Claim: What is claimed is:

1. A method of producing cast steel shot having a microstructure of substantially all martensite tempered to a hardness in the range of from about 40 to 50 on the Rockwell CScale which includes the steps of charging, melting, refining, pouring and tempering,

said pouring step being performed by directing a stream of the melted and refined molten steel through a stream of fluid under pressure and into a fluid quenching bath to produce shot in an as-cast condition having a substantially fullymartensitic structure and corresponding full hardness; and,

said tempering step being performed on said shot while in its as-cast condition whereby an intermediate step of heat treating for hardening is eliminated.

2. The method of claim 1 in which said method includes the step of alloy-adding and said step includes the addition of ferro-boron to the melted metal.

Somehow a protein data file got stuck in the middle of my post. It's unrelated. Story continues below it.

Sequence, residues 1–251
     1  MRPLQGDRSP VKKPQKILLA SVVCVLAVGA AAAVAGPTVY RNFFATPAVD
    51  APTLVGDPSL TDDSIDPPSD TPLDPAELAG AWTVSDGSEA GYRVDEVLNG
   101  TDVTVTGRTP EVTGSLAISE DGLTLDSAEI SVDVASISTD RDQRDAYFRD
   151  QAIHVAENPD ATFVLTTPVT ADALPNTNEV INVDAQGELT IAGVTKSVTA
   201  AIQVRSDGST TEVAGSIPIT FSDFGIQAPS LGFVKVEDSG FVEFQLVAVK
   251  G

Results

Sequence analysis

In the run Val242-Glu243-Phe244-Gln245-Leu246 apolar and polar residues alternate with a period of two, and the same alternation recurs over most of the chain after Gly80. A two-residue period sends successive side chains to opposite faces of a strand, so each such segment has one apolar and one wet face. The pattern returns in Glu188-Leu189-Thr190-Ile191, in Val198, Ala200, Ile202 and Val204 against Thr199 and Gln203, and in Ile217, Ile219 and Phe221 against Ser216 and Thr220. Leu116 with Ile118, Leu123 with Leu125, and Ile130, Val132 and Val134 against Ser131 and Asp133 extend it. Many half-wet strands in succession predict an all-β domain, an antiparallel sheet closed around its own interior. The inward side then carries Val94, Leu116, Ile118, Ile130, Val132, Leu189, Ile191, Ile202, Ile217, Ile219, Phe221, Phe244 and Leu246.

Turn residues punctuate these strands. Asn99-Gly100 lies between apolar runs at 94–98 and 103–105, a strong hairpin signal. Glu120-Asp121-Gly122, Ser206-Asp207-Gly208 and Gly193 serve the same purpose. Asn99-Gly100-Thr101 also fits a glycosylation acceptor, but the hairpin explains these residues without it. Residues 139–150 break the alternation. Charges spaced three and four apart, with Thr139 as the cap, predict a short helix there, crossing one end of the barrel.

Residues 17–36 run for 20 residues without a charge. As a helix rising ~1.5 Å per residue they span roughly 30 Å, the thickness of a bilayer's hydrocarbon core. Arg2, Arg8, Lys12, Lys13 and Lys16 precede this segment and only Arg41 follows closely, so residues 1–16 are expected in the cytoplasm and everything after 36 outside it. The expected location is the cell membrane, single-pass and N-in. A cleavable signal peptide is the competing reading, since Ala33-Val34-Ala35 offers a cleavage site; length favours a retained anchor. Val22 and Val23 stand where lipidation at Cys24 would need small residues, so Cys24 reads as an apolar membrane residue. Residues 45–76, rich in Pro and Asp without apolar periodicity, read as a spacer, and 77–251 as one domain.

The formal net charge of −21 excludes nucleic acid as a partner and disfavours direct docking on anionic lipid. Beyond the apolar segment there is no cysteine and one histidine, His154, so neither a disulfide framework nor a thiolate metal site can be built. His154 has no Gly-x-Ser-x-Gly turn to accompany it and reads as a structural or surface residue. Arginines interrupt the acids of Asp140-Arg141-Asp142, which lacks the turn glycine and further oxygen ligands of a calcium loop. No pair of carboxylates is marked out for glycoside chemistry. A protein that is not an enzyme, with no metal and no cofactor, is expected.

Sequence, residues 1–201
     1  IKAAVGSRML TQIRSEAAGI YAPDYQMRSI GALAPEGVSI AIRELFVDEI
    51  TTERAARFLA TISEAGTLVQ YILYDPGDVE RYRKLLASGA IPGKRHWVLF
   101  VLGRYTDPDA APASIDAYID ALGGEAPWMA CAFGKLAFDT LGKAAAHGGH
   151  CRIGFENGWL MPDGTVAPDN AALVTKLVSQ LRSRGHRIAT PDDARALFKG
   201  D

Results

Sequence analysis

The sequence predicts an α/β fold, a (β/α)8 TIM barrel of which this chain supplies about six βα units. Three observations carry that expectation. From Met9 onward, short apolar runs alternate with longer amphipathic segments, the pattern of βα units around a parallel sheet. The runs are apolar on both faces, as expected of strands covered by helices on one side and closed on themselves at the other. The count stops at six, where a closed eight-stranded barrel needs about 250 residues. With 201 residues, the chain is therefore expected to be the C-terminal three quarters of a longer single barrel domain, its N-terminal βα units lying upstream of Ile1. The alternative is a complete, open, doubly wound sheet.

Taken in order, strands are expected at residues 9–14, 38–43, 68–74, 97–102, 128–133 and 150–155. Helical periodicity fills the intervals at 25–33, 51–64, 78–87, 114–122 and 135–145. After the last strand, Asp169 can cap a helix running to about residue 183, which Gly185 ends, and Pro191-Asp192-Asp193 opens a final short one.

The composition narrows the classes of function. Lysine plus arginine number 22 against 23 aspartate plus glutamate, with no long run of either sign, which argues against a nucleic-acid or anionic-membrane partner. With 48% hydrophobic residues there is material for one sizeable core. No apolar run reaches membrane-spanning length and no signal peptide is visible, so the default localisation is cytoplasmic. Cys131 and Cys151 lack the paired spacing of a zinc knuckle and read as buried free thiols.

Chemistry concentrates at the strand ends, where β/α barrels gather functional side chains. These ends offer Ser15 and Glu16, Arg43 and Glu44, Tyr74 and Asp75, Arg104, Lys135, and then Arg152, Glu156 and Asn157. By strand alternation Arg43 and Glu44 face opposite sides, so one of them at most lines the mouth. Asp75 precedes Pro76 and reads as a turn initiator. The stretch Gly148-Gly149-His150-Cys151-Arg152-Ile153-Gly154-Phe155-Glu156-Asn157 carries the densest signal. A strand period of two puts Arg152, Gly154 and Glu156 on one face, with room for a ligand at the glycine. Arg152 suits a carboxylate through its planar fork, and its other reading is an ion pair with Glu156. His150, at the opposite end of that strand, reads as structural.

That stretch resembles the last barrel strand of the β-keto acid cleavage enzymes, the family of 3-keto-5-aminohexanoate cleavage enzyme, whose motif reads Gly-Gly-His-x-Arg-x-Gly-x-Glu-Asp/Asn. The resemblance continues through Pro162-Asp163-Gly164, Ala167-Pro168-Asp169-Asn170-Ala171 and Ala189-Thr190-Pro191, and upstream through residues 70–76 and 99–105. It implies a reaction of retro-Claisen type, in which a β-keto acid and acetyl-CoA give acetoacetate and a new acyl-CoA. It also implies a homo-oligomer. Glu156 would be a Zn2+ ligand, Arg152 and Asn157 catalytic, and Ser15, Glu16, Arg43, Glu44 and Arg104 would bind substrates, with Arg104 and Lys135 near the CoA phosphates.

3. The method of claim 1 in which said melted and refined steel comprises:

carbon in about the range of from 0.68 to 1.06 percent by weight; manganese in about the range of from 0.50 to 2.26 percent by weight; silicon in about the range of from 0.3 to 1.80 percent by weight; sulphur in about the range of from 0.0 to0.1 percent by weight with the remainder substantially all iron and trace elements and impurities.

4. The method of claim 1 in which said melted and refined steel comprises:

carbon in about the range of from 0.6 to 1.20 percent by weight; manganese in about the range of from 0.50 to 2.26 percent by weight; silicon in about the range of from 0.3 to 1.80 percent by weight; sulphur in about the range of from 0.0 to0.1 percent by weight; boron in about the range of from 0.0001 to 0.01 percent by weight, with the remainder substantially all iron and trace elements and impurities commonly found therein.

5. An as-cast steel shot having a substantially fully martensitic structure and corresponding full hardness which comprises: carbon in about the range of from 0.6 to 1.20 percent by weight; manganese in about the range of from 0.50 to 2.26percent by weight; silicon in about the range of from 0.3 to 1.80 percent by weight; sulphur in about the range of from 0.0 to 0.1 percent by weight; boron in about the range of from 0.0001 to 0.01 percent by weight; with the remainder substantiallyall iron and trace elements and impurities commonly found therein.